Politico has lobbed out a starry eyed, hopeful series of eleven proposals for bipartisan accomplishments available to Congress and the President during Obama’s final two years in office. Each mini-essay, authored by a wide variety of political figures, covers an area where the authors seem to believe that the newly reconstructed Congress could work across the aisle – and with Barack Obama – to get things done for America. I’m not going to deconstruct the entire list, but I’ll include the top lines for each to allow for discussion here, along with a few comments. For a few which may seem less obvious, I’ve included a snippet from the description.

1. Save the unemployed.
(a) boost the federal minimum wage to $8.50 an hour
(b) index the wage to inflation and finally
(c) top it off with an hourly $1.50 wage subsidy.

2. Repair the tax code and immigration.
The specifics for reforms on both immigration and tax are, of course, negotiable. The need for fixing these broken-down systems, however, is not.

3. Modernize the mail.
The Carper-Coburn Postal Reform Act of 2014

4. Make the U.S. a better trading partner.
Give President Obama new Trade Promotion Authority (TPA), so that the administration could present major new trans-Pacific and trans-Atlantic trade and economic deals to the Congress for an up-or-down vote without amendment.

5. Rebuild our infrastructure.

6. Refund the military. By William Kristol
President Obama, most Republicans and the bipartisan National Defense Panel agree that continuing the massive automatic defense cuts known as the sequester would devastate our military preparedness. So the ground has been laid for a bipartisan effort to begin to restore defense spending to reasonable levels

7. Rehabilitate our prison laws. By Sen. Rand Paul
The REDEEM Act (S. 2567), which I introduced with my Democratic colleague Sen. Cory Booker, creates a path to expunge non-violent crimes from the records of those ex-offenders who have demonstrated the will to be rehabilitated.

8. Stop bulk data collection. By Sen. Patrick Leahy

9. Make government more responsive. By Rep. Henry Cuellar
Set government-wide customer service standards to improve federal workers’ response times.

10. Repeal the medical device tax. By Sen. Orrin Hatch

12.* Fix our immigration system. By Lee Hamilton

(* = There was no eleven on the list for some reason.)

Some of these items are things which are far from bipartisan and have provided some of the most pitched battles in Congress and in public discourse that we’ve seen in decades. How they suddenly become bipartisan just because the GOP may take control of the Senate is a mystery to me. They include comprehensive immigration reform and revamping the tax code. The two parties are just about as far apart as they could be on these issues, not on the details of how to do it, but rather on the entire direction to take. Liberals like the tax code the way it is, except that it needs to tax the successful even more heavily. Conservatives want to flatten and lower tax rates, possibly with an entirely different theory of collection, which is more fair across the board. On immigration, one side wants to let nearly everyone in. The other wants to secure the borders and enforce the law. These are not shades of gray where you find a color which suits both sides. The two parties are a world apart.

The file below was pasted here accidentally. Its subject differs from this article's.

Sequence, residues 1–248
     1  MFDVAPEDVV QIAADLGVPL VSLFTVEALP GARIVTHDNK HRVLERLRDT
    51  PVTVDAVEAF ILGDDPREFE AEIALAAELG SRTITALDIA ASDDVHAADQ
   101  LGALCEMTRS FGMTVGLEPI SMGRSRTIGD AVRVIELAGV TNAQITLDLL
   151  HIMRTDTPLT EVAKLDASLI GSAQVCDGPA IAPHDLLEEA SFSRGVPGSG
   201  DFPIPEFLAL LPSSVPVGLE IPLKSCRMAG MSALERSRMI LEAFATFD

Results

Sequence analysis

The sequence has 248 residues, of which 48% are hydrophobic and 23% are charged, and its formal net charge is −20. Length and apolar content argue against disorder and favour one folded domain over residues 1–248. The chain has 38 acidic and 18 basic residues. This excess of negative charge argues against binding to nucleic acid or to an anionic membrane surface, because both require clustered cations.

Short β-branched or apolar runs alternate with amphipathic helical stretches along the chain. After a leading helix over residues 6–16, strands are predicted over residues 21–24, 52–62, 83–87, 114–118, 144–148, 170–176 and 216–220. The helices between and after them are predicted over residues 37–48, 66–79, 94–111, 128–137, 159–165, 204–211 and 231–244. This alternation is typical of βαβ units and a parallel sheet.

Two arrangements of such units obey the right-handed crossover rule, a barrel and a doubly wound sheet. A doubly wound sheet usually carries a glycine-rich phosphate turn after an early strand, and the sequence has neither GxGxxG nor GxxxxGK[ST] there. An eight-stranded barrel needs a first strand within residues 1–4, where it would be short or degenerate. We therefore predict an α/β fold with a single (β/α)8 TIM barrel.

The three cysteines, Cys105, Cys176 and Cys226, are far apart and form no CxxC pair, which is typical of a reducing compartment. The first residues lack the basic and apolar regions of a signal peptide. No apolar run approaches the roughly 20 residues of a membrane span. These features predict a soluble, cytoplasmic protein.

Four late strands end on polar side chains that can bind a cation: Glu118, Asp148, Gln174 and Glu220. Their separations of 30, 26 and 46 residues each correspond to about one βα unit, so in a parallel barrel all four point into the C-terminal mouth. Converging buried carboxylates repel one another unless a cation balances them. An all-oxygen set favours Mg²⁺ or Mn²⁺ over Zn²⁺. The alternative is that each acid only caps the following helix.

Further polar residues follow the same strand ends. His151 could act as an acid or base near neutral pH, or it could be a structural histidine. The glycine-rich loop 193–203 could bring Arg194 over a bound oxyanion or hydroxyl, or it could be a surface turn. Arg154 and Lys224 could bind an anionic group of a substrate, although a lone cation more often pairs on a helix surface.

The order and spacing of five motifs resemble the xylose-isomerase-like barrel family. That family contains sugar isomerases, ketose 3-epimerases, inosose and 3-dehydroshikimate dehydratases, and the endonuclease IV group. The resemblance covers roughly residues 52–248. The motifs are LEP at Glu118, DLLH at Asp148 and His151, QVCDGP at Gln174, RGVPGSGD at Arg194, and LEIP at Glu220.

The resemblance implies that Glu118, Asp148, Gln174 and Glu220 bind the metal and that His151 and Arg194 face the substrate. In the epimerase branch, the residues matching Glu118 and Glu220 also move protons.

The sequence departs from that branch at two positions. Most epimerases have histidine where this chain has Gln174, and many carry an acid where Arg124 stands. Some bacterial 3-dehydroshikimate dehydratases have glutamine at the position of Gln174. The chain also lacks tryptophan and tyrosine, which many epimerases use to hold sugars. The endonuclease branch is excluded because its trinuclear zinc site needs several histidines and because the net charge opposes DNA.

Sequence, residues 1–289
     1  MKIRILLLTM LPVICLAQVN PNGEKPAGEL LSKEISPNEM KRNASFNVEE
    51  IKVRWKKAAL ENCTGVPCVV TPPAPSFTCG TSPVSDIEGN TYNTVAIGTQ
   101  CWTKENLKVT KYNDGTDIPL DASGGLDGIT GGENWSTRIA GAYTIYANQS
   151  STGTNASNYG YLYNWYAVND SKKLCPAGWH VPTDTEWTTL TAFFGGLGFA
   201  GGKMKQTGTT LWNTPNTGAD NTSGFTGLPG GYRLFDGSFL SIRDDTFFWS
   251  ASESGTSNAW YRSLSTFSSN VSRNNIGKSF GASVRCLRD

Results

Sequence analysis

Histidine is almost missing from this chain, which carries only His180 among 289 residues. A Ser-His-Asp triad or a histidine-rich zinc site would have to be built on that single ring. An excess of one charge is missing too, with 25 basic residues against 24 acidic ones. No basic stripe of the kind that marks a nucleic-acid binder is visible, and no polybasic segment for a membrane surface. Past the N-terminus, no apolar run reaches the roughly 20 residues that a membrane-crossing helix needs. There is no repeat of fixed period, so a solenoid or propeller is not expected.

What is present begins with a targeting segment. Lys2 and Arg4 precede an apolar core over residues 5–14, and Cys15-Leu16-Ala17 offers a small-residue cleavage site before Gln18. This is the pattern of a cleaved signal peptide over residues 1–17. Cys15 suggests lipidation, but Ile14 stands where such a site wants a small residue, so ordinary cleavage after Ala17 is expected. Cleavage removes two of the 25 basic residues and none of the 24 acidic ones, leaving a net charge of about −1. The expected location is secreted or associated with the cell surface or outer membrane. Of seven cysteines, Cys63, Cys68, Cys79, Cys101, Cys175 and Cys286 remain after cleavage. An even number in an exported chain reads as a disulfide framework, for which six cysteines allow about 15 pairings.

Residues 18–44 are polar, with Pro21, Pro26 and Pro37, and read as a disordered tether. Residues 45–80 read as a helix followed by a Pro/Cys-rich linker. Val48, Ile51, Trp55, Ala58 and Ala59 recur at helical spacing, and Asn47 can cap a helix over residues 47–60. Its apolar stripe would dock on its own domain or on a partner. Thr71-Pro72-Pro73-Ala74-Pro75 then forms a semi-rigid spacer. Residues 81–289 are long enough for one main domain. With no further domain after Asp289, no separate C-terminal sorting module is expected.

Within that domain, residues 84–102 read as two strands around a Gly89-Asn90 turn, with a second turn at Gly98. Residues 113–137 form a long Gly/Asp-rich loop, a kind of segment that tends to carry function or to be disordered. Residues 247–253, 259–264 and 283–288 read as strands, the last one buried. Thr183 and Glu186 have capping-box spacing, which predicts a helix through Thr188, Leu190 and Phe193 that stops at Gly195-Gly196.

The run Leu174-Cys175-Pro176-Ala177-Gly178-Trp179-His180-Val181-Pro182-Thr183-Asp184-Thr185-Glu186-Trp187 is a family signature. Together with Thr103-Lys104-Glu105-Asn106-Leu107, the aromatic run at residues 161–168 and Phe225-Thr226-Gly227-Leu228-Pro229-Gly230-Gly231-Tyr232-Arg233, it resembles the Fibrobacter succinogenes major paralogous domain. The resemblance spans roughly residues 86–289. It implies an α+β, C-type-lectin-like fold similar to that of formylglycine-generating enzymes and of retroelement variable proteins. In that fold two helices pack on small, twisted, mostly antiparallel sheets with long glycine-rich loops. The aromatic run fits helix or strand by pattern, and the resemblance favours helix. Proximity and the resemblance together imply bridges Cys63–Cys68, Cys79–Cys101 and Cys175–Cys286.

Some of the other items on the list might be nice, but they are largely either window dressing or probably aren’t as popular on both sides as the author imagines. Repealing the medical device tax is certainly popular with conservatives, but will be seen as a direct assault on Obamacare. Do you really think Democrats or the President are going to be on board with that? Fixing the Post Office would be great, I’m sure, but a cost effective means of doing so still seems to elude us. Infrastructure spending is one of those things that sounds great on television, but conservatives remain gun shy (and rightly so) about ladling out buckets of cash to the states without accountability as to whether it will actually be spent on roads and bridges as opposed to plugging holes in failing budgets.

Boosting military spending might happen, given the public’s tough learning curve at the hands of ISIS, but many of the doves will still put up a fight. The minimum wage could end up going up because, as I’ve written here before, the GOP has essentially lost that fight in the political arena, no matter how negative the results may wind up being for the country. I suppose “trade reform” could happen, though we’ll once again pay for it in terms of jobs at home. And I have no idea what “making government more responsive” means in terms real world logistics for citizens, but it sounds like a good enough bumper sticker to get something to pass.

All in all, I’m not seeing much of substance here which will sail through without an ugly fight. But then, I have about as much confidence in Congress these days as the rest of the nation.